Medicare’s retail prescription drug benefit plan, Medicare Part D, keeps out-of-pocket costs low for most beneficiaries. But a growing number of enrollees, particularly those battling cancer and other complex diseases, are finding that the coverage doesn’t prevent high out-of-pocket costs.
“Because of the way Part D is structured and because nearly all plans require beneficiaries to pay a percentage of the drug’s price every time they fill a prescription, these drugs can result in high up-front costs for initiating treatment and accumulated out-of-pocket costs of $5000 to $15,000 or more per year,” Stacie B. Dusetzina, PhD, a professor of health policy and cancer research at Vanderbilt University Medical Center, Nashville, Tennessee, writes in a perspective article published in The New England Journal of Medicine.
For example, in 2021, even after Part D beneficiaries reached their catastrophic-coverage phase — spending $2730 for brand-name drugs or $6550 for generic drugs — they still had to fork over 5% of the drug’s price until the end of the year. “This small coinsurance may sound inconsequential, but for high-priced drugs, it can result in additional monthly out-of-pocket spending of hundreds or thousands of dollars,” Dusetzina writes.
Anticipated reforms to Medicare Part D, proposed in the Build Back Better framework, promise substantial relief for patients with cancer. In her article, Dusetzina considers the potential savings for beneficiaries if any of four Medicare Part D redesign bills are passed.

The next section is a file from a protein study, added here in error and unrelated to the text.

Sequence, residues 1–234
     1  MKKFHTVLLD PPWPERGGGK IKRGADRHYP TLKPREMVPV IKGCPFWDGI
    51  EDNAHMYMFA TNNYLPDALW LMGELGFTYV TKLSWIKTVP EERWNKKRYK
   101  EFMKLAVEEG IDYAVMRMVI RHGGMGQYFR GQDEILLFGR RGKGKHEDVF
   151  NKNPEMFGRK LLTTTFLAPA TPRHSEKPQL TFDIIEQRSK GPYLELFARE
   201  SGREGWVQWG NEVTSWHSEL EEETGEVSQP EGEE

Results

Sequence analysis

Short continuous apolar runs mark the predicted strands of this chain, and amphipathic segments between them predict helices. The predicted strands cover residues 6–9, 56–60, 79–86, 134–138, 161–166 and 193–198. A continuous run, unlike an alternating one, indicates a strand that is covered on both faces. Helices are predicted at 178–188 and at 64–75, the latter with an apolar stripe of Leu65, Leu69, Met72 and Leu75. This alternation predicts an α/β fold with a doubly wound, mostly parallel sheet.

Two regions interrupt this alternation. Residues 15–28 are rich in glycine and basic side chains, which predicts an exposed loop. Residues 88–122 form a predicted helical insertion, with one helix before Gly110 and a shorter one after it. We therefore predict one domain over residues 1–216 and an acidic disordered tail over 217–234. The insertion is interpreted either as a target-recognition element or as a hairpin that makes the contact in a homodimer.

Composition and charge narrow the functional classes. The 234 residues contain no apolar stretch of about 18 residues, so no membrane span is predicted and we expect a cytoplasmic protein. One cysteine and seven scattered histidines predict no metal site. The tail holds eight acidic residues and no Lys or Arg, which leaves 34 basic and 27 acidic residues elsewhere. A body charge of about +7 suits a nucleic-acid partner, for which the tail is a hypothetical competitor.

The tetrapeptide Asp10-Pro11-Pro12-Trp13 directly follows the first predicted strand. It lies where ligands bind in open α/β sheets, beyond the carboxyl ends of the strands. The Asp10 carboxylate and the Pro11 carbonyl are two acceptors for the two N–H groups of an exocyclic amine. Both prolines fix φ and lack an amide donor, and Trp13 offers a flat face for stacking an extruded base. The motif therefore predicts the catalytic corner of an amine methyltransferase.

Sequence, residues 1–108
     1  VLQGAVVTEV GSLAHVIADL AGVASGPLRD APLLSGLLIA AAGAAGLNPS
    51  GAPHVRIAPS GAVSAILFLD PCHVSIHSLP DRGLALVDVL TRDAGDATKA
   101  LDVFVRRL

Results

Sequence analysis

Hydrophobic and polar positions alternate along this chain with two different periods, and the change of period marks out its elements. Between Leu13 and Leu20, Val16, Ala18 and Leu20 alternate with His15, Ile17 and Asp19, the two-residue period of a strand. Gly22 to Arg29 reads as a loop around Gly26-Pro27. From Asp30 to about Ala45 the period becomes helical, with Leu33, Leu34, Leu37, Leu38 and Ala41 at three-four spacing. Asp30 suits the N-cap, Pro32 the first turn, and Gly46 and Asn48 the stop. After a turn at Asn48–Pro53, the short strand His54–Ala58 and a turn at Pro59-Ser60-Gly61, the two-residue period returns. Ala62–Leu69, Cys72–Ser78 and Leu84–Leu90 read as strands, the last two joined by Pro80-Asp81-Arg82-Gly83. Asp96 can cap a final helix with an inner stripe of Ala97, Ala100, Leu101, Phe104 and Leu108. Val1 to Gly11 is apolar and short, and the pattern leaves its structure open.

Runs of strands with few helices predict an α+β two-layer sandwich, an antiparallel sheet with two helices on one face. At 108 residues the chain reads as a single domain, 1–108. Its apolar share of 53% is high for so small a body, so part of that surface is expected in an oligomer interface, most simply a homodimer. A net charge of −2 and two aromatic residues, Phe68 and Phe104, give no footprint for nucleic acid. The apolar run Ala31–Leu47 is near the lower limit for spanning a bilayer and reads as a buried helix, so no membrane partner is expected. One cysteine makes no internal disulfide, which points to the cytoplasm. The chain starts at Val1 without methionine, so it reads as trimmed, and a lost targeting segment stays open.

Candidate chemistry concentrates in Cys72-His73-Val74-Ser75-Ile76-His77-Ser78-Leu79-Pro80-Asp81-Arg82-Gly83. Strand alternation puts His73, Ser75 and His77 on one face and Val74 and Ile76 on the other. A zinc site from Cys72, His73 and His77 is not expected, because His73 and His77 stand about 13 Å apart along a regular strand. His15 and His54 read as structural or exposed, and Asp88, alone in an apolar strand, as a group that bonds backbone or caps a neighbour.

The four proposed bills vary in approach but ultimately share two features: a cap on out-of-pocket spending, and ensuring more consistent and predictable out-of-pocket costs. Part D would go from multiple-phase coverage — deductible, initial coverage phase, coverage gap, and catastrophic phase — to a single-phase coinsurance, which would range from 15% to 25% before the spending cap.
Although the change in the bills would have little effect for those who have lower out-of-pocket costs, it could make a pronounced difference for patients with pricey drugs by enacting new out-of-pocket maximums, which would top off at $2000 to $3100 per year.
The savings may be significant. Out-of-pocket spending on some of the most used anticancer drugs under Part D could be reduced by 70% to 80% with the redesign, according Dusetzina. She found, for instance, that patients could save $8432 to $9532 annually on the cancer drug lenalidomide.
If enacted, the effects of the redesign for all beneficiaries will need to be monitored to ensure that it improves access to drugs, Dusetzina explains. For instance, brand-name drugs are currently purchased at a flat fee by beneficiaries during the coverage phase. The switch to coinsurance could increase costs for patients who spend less.
It’s also unclear whether the spending cap would be monthly or annually. This could make a big difference to those patients who have to pay the annual maximum in a single month.
But even with these unknowns, the “Part D redesign is long past due,” Dusetzina writes in her article. Each of the redesigns offers major relief to beneficiaries in need of high-cost medications.
“You get to have the FINANCIAL SECURITY of not having to spend all of your money on a drug if you happen to need one that is very expensive,” Dusetzina tweeted. “That’s kind of the point of health insurance. It is why EVERYONE should support a cap.”
Support for the research came from the Commonwealth Fund, Arnold Ventures, and the Leukemia and Lymphoma Society.
N Engl J Med. Published online November 10, 2021. Abstract
Content Source: https://www.medscape.com/viewarticle/962975?src=rss